The 'Cauldron lands' as seen from Mount Rundle includes current holes 3, 4, and 5.  Look closely and you can see a canoe floating in the Devil's Cauldron (bottom left).

The 'Cauldron lands' as seen from Mount Rundle includes current holes 3, 4, and 5.  Look closely and you can see a canoe floating in the Devil's Cauldron (bottom left).

Nothing reveals the genius of Stanley Thompson more than the brilliantly conceived out-and-back routing of Banff Springs Golf Course.  Interesting to study which holes of Ross's Thompson used and which ones he did not.  Ross's holes are the dashed lines.

Interestingly, Thompsons routing was very reminiscent of a traditional Scottish Links routing with its recognizable nine-out and nine-back sequencing; a very rare layout for inland golf courses, especially in the mountains.  Setting the tone for the round, Thompson’s routing started off with one of the most thrilling tee shots in all of golf, an elevated forced carry over the turbulent Spray River below.  This unforgettable tee was situated directly below the iconic Scottish-style castle – the Banff Springs Hotel - or more commonly referred to as the “Castle of the Rockies”. 

 One of the most memorable first tee shots in the world, golfers must hit over Spray River to start their golf journey all the way out to the Devils Cauldron and then back.

One of the most memorable first tee shots in the world, golfers must hit over Spray River to start their golf journey all the way out to the Devils Cauldron and then back.

 The finishing hole at Banff was just as spectacular as the first. With the Banff Springs Hotel towering above the putting green, and the sounds of Bow Falls crashing less than 300 yards away, the golf experience was unrivaled for the late 1920's.

The finishing hole at Banff was just as spectacular as the first. With the Banff Springs Hotel towering above the putting green, and the sounds of Bow Falls crashing less than 300 yards away, the golf experience was unrivaled for the late 1920's.

The golf holes continued due west with the prevailing winds directly at ones back until reaching the venerable Devil’s Cauldron.  The Cauldron was not only the most anticipated golf hole on the course, but it was also situated at the critical turning point within the round.  Not unlike the Eden hole at The Old Course in St. Andrews, the golfer must now make the turn and head back towards town (or the castle in Banff’s case).   However, now the prevailing winds are directly in ones face.   Although there are no seaside views like on a proper Links course, these homeward golf holes ran directly adjacent to the ever present white water of the Bow River.  With limited irrigation capabilities, the ground was most likely very firm and fast during the hot summer months which would have allowed golfers to enjoy low ground running shots on some of those windier days.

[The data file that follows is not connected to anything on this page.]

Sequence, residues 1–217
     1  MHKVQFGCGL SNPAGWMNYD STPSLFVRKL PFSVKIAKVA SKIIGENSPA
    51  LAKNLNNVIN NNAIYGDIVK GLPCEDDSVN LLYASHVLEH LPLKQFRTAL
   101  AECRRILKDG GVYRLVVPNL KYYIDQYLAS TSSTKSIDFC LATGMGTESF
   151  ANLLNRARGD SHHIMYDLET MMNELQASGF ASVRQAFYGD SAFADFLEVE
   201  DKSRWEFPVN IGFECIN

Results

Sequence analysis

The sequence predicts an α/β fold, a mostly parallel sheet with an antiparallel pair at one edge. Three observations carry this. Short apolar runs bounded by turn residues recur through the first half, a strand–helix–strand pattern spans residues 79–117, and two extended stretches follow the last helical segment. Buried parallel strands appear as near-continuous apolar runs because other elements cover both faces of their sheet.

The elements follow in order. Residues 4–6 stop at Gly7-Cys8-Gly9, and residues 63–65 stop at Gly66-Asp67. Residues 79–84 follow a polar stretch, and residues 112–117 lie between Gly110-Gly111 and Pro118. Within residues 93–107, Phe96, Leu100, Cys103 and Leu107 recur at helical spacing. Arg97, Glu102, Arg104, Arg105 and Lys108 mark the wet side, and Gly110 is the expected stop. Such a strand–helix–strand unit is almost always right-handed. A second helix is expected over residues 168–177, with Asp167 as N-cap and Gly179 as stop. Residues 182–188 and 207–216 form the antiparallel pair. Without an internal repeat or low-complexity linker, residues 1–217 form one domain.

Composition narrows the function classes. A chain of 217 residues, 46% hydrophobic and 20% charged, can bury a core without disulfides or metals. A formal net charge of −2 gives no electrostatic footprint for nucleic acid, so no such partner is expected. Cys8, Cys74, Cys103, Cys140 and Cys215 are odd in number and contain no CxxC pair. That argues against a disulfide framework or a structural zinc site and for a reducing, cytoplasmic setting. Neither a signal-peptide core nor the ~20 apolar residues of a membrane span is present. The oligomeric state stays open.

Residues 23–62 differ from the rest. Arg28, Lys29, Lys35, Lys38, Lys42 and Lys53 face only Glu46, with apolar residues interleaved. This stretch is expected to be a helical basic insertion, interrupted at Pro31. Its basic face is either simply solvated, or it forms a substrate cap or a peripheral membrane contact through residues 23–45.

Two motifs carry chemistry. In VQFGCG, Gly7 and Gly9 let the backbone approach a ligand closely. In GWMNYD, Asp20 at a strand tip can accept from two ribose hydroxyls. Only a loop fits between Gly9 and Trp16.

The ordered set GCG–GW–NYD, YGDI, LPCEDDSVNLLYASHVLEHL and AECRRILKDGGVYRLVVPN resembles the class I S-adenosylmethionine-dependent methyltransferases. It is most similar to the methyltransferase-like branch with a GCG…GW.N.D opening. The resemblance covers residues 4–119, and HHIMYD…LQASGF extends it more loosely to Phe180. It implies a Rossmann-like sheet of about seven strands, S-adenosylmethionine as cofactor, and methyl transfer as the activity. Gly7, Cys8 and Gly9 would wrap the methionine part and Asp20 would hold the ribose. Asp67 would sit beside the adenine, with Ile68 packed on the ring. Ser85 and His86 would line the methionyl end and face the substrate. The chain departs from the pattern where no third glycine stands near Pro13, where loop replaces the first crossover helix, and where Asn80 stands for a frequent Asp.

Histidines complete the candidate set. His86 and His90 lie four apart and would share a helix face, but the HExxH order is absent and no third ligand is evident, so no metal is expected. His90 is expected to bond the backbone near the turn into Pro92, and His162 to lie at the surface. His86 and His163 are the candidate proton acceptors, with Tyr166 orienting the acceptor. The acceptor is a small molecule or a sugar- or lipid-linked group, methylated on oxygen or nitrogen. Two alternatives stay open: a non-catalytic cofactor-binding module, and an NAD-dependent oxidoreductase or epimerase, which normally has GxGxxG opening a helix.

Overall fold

The long par 5 before the famous Devil’s Cauldron is no slouch.  Named Gibraltar after the prominent European rock, surprisingly this was one of only a few places that blasting was actually required.

The long par 5 before the famous Devil’s Cauldron is no slouch.  Named Gibraltar after the prominent European rock, surprisingly this was one of only a few places that blasting was actually required.

Another interesting fact about the golf course’s early years was it had very little trees on it and was relatively wide open in comparison to today’s course.  This was largely due to an out of control forest fire that passed through the area right before the turn of the century.   This fire had thinned out much of the forest which resulted in many of the original golf corridors becoming generously wide-open and exposed to blustery mountain winds – yet another important Links comparison. These double wide fairways also allowed for the creation of Banff’s grandiose bunkering and “S” shaped strategic playing angles.  The oversized scale and nature of Banff’s playing corridors was something Thompson was very aware of, and is even still considered wide to this day; even after the last 100 years of tree growth.

 A forest fire in the late 1800’s resulted in significantly less forest cover compared with today's landscape - as seen here when the Banff Springs Hotel was first built.

A forest fire in the late 1800’s resulted in significantly less forest cover compared with today's landscape - as seen here when the Banff Springs Hotel was first built.